Wednesday, July 15, 2009

First time in Edinburgh? Read this...

The Edinburgh Festival is a wonderful explosion of culture, colour and crowds over the city during August. You may be forgiven for thinking all you have to do is turn up, tune in and enjoy yourself. Whilst that is true to an extent, if you've never been to Edinburgh before - or have, but not for a few years - here are a few tips and hints from a resident to help ease your experience:

  • Edinburgh is a hilly city. You will walk uphill to get to the venue; and you will walk uphill to get back again. Some of the hills (Arthur's Seat, Calton Hill) provide spectacular views and escapes from the crowds, but most of them (The Mound, Dundas Street, et al) merely provide you with a hill. So either come prepared with sensible footwear, or rely on public transport to get you where you need to be (though see point below).

  • Edinburgh is a coastal city, with a rather unique weather system. You will notice this if you go up one of the nice hills and look to the north, where you'll see the Firth of Forth shimmering its silvery way towards the North Sea. Unless the haar has descended, that fog-like gift from said North Sea so beloved of Edinburgh residents, covering all in a blanket of cold, damp, impenetrable greyness. Cold, damp, impenetrable greyness that only the rain rapidly approaching from the west will disperse. So be warned, whilst I wish for 31 days of unbroken sunshine as much as anyone, come suitably armed or be prepared to pay astronomical prices for plastic tartan pac-a-macs.

  • Edinburgh is in the throes of a massive civic 'improvement' scheme, introducing a modern cutting-edge tram network to the city. Or so we're told. In reality, this has reduced large swathes of our roads into building sites and resulted in traffic congestion and travel delays. Fancy a relaxing stroll along Princes Street, gazing up at the splendour of Edinburgh Castle? Too bad, that side of the street's closed. Traffic always gets a bit challenged during Festival time, and I shudder to think how things will turn out this year.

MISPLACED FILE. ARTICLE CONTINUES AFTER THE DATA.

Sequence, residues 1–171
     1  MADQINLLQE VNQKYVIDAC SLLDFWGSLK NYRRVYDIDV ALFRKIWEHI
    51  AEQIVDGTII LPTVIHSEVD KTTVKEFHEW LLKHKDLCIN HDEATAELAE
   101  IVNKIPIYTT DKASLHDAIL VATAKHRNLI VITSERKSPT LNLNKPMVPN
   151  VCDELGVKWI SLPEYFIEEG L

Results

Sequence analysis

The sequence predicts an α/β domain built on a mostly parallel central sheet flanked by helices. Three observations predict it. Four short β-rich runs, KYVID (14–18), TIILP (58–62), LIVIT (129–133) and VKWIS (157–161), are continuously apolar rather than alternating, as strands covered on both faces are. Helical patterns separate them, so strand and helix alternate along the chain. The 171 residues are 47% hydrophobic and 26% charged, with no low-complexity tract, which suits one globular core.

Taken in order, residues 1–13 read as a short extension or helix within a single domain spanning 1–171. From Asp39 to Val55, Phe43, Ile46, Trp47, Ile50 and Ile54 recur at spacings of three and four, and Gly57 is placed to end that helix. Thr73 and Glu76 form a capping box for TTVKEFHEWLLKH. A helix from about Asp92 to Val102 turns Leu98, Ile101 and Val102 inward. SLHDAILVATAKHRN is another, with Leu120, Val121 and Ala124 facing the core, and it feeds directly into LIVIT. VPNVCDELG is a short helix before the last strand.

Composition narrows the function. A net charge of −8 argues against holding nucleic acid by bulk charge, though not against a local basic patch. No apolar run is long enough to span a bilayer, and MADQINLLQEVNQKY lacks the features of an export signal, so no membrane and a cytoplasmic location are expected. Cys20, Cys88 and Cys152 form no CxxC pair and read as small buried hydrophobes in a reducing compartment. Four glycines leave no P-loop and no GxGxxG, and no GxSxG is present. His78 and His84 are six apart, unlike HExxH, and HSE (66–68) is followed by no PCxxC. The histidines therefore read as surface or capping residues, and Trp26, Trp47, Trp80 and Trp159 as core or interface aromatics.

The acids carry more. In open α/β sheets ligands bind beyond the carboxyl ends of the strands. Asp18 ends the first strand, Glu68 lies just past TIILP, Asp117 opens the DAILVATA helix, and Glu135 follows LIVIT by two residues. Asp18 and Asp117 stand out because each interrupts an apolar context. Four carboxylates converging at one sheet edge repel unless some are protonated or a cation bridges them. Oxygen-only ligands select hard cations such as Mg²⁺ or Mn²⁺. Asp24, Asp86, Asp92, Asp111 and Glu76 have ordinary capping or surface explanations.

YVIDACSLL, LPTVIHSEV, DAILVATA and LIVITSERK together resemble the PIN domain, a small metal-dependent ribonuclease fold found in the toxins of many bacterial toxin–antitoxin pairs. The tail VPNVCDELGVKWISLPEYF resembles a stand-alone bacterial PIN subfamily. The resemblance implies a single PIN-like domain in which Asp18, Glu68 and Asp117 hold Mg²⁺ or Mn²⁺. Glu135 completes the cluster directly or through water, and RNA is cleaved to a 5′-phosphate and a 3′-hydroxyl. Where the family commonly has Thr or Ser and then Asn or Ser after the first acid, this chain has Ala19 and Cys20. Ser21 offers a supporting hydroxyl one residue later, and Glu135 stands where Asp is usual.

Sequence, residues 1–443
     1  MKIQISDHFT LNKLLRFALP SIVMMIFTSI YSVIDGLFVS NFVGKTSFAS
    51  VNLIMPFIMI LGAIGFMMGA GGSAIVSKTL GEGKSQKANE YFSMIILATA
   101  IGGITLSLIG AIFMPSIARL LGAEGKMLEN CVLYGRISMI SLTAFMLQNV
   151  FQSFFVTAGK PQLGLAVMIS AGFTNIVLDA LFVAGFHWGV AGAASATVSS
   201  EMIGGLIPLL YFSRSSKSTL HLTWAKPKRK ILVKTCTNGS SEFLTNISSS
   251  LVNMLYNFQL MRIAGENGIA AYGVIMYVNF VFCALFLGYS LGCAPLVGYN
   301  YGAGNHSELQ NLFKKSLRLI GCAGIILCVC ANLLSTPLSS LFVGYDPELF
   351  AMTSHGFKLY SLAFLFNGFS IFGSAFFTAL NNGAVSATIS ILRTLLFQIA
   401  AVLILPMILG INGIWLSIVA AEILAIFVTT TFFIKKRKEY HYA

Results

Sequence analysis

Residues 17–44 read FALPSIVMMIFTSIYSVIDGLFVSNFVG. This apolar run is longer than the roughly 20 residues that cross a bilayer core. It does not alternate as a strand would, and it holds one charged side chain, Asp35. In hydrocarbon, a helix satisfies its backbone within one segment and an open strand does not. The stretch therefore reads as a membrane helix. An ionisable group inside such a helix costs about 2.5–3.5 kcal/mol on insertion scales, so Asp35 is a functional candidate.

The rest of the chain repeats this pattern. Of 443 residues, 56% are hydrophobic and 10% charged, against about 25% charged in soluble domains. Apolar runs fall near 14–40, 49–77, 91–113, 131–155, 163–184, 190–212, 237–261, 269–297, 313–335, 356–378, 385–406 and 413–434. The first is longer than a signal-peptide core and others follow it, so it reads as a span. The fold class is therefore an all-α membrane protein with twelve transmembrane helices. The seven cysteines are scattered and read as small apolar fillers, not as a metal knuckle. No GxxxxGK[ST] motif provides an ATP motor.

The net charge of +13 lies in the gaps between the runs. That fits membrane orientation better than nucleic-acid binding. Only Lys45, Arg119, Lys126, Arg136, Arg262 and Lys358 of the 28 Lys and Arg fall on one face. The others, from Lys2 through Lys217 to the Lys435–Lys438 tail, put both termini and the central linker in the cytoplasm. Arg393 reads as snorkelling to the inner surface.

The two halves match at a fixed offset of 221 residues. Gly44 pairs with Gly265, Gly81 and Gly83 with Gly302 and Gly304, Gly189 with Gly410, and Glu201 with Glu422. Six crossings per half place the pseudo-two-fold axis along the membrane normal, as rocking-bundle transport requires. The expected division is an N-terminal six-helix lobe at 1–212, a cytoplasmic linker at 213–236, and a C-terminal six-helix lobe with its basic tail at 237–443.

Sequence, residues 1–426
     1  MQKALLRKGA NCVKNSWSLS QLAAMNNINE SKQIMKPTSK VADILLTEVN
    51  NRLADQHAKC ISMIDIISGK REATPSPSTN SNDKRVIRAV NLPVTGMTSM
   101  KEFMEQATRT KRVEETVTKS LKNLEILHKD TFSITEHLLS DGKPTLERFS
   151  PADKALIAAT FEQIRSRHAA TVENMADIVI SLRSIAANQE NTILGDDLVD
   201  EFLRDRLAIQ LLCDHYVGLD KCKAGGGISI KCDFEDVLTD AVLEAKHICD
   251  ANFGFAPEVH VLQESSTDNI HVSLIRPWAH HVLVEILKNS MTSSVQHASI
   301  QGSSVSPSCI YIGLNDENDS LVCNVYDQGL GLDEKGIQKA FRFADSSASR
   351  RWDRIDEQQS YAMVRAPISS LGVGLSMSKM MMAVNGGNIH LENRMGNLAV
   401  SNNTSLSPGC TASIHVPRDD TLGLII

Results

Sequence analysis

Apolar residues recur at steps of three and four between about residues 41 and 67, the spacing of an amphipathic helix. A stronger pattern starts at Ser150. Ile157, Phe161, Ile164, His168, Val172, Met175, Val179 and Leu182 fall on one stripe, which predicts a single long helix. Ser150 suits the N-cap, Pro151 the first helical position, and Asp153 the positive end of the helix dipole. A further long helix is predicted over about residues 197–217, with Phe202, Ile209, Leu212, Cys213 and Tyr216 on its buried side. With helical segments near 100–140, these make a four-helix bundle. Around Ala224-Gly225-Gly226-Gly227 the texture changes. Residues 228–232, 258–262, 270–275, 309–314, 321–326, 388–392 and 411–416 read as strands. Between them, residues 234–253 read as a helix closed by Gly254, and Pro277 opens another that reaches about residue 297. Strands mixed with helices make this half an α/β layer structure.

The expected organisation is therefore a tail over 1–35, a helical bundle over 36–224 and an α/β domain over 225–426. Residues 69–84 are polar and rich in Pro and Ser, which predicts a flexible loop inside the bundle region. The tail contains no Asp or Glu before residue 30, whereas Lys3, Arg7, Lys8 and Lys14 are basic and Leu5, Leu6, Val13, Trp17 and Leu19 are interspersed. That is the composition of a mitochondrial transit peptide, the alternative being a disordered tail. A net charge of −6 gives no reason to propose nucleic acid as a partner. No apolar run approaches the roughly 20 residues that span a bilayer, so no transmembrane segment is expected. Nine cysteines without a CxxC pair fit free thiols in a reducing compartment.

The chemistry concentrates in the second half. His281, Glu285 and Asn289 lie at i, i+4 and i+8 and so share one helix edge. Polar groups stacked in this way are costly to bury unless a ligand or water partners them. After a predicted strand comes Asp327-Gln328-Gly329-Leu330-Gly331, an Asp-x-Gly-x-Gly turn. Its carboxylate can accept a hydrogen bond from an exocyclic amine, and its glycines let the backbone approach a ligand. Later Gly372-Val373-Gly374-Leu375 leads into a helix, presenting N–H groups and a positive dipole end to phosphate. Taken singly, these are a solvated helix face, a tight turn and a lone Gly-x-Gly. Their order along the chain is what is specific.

• Edinburgh has a fantastic public transport system, and hundreds of reliable and friendly bus and taxi drivers (seriously, I know a few). However, the combination of Festival over-population and the tramworks may strain the patience of even the most saintly, so please be kind to any you encounter. If indeed you manage to catch one at all - taxis in particular do become quite a rare species during Festival time.

  • Not everyone in Edinburgh loves the Festival. Hard to believe, I know, but you will likely come across at least three distinct types of anti-festival groups during your visit:
    1. Firstly, there are those that have to go to work. These souls deserve your sympathy, as most of them would dearly love to be swanning around from show to show and drinking in the open air just like you. The looks of sheer hatred they shoot you may persuade you otherwise, but trust me, it's true: I used to be one of them.
    2. Secondly, there are those dear old Edinburgh ladies, who wish for nothing more than to walk slowly from one end of George Street to the other carrying large bags of shopping, muttering about how things used to be better before "all this festival nonsense" started. Best avoided, or at least carefully overtaken.
    3. Lastly, and this is semi-serious, the young and disaffected. Now, Edinburgh is by and large a safe city, but feral packs of youths have been spotted prowling the streets before. They tend to keep away from the main venues, but if you do find yourself close to any, keep your head down and don't say things like "Felicity, what did you make of that emotionally effervescent theatrical tour-de-force we just had the good fortune to witness?" within their earshot. Parts of Trainspotting are based on fact, you know.

  • Edinburgh is full of pubs. Surely a good thing? Yes, and no. On some streets, every second establishment is a pub (and the ones in between are off-licences). And opening hours are extended so much during the Festival, it is possible to drink 24/7 if you so wish. If you are easiliy tempted, you could easily find yourself drunk by breakfast, hungover by lunchtime and refused entry into a show or two for looking dazed and confused by teatime. Remember - all things in moderation....

That's it. Keep the above in mind and you'll be sure to have a fantastic time. I for one love the whole mad ensemble, and I'm looking forward to welcoming you here. Remember to say hello if you see me...


  1. LOL at #2 old ladies and #3 what not to say !!

  2. watch out for the frogs that abide on some of those hills too! I nearly stood on one last time and it wasn't pleasant, I was wearing sandles! Fingers crossed for sunshine!

    PS shameless plug for sketch show Socially Retarded @ The Royal College of Surgeons 6.10pm 7-22

  3. These are very useful tips for first-time Princesses- thanks!